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You might think that the title is a small thing. However, the title is also an active decision and sets the tone for the subject of the documentary. Or, it should. For this HBO documentary, there isn’t much focus on Kim Wall or the fact that she “disappeared”. Instead, we’re getting phone interviews with Peter Madsen and hearing from his friends and colleagues.
Also, we do get interviews with a few of Kim Wall’s friends. None of her family participated in this docu-series (only indirectly through public appearances), which should tell you something. Especially since her parents did participate in the making of a Danish series based on this case. It was called The Investigation and can also be found on HBO Max (read our review here).
It was mom’s fault
Anyone outside of Denmark will also have no chance of recognizing some of the factual errors. Or, at best, questionable statements. Like the fact that Peter Madsen is compared to Elon Musk without much contradiction or follow-up. However, I can tell you that this comparison is way off.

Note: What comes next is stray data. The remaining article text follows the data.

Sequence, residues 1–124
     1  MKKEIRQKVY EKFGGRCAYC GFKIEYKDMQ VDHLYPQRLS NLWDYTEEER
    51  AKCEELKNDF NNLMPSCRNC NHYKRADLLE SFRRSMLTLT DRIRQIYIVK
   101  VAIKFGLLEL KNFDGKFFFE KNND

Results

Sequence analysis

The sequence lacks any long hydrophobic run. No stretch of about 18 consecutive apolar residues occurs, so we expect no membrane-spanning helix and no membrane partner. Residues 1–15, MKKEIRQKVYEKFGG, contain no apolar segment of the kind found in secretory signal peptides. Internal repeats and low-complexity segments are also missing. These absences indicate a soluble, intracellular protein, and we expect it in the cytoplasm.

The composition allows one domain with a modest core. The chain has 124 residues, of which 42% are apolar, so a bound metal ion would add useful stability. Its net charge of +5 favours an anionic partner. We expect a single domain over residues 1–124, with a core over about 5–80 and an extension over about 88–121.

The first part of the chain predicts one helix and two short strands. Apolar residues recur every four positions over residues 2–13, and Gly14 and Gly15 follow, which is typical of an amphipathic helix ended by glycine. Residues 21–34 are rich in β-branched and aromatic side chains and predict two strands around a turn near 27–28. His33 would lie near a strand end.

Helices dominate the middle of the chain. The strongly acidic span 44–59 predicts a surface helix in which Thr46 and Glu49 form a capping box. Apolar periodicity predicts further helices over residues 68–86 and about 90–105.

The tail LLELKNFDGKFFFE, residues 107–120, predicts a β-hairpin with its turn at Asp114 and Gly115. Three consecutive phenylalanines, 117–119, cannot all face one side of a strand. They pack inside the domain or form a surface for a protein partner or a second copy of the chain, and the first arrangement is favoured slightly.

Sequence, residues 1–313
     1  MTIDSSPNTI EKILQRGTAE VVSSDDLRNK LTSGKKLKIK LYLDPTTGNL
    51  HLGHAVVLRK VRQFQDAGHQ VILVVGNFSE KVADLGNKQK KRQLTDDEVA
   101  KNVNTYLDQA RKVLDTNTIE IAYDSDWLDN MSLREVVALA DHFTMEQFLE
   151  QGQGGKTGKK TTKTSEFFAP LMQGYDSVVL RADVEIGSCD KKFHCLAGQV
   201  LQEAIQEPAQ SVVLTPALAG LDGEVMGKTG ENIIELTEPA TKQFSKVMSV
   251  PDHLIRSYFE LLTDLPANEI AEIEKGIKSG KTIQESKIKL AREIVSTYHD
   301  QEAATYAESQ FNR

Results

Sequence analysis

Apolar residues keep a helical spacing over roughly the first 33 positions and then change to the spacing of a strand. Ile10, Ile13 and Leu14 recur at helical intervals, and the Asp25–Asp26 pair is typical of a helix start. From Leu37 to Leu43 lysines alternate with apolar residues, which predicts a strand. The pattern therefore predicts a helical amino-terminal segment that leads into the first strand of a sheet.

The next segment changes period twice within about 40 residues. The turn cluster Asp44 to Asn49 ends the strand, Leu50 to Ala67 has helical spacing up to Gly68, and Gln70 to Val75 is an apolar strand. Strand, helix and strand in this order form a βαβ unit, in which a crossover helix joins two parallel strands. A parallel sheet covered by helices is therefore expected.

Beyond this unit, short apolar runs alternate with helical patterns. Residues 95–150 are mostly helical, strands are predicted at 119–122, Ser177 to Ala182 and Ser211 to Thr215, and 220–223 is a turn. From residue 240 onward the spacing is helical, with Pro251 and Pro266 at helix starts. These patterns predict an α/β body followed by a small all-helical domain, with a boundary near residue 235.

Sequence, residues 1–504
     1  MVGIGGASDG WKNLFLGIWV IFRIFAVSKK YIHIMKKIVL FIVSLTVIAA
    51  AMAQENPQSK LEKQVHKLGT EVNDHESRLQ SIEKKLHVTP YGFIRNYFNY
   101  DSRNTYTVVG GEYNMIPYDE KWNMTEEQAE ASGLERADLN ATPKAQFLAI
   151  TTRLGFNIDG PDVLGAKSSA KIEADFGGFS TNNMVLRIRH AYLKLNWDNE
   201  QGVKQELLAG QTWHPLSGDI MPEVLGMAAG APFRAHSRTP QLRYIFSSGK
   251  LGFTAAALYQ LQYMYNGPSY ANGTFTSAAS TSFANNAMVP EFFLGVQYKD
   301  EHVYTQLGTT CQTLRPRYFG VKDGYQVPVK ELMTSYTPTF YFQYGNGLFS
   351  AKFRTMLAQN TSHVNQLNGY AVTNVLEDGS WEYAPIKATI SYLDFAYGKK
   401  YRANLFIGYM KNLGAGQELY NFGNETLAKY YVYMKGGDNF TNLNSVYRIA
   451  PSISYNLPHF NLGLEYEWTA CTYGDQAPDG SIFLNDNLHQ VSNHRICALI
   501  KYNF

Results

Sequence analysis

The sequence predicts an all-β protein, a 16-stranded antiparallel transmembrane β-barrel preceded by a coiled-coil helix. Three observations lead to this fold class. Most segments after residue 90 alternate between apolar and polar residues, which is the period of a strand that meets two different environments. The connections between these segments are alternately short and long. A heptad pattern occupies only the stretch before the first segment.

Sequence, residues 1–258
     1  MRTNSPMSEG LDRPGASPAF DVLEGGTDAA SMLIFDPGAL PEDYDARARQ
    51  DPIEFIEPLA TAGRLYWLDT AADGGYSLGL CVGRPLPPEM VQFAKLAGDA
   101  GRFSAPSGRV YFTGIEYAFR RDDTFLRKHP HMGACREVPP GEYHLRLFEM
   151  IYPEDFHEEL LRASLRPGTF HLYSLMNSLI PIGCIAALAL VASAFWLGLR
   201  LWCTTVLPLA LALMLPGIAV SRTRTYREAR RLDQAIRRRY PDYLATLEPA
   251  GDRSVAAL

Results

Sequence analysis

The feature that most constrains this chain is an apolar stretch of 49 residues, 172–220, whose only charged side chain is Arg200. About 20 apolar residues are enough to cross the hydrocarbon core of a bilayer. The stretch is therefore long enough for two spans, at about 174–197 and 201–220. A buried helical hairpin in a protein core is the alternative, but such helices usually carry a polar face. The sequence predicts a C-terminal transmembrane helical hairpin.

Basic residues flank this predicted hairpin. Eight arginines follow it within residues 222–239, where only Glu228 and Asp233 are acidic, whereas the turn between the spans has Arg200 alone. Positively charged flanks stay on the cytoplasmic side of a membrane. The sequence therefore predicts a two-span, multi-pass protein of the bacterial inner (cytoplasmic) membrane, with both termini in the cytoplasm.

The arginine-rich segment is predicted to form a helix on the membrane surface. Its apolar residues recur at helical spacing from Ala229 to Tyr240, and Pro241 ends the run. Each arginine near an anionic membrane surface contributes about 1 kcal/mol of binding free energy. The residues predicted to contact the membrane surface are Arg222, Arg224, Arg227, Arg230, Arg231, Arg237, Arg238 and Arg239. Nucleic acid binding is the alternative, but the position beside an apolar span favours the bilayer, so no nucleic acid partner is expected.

Peter Madsen is also referred to as an “entrepreneur” in much of the PR material. In reality, he’s more of a “mad inventor” type of person. Something he is also called in the actual documentary. Well, “inventor”, that is. In fact, we do get a lot of background information on Peter Madsen.
Like the fact that he appeared to hate his mother, and that his hatred of women stemmed from this. In other words: It was mom’s fault.
With Undercurrent: The Disappearance of Kim Wall we also go through the usual song and dance of hearing from the men who knew Peter Madsen. You already know how it goes because it’s the same thing we hear every time a man brutally kills a woman: “Oh, but he was such a nice guy”. Then we get a bit deeper to “Sure, he was a narcissist” and then “He did have a terrible temper”.
Fortunately, a few of the women who saw the darker (or stranger) side of Peter Madsen are also interviewed. They are anonymous and I understand completely!
Also, there are interviews with a few of the investigators working on the case (with recovering the submarine and body of Kim Wall). They never believed a word of the many different stories Peter Madsen came up with to try and get away with murder.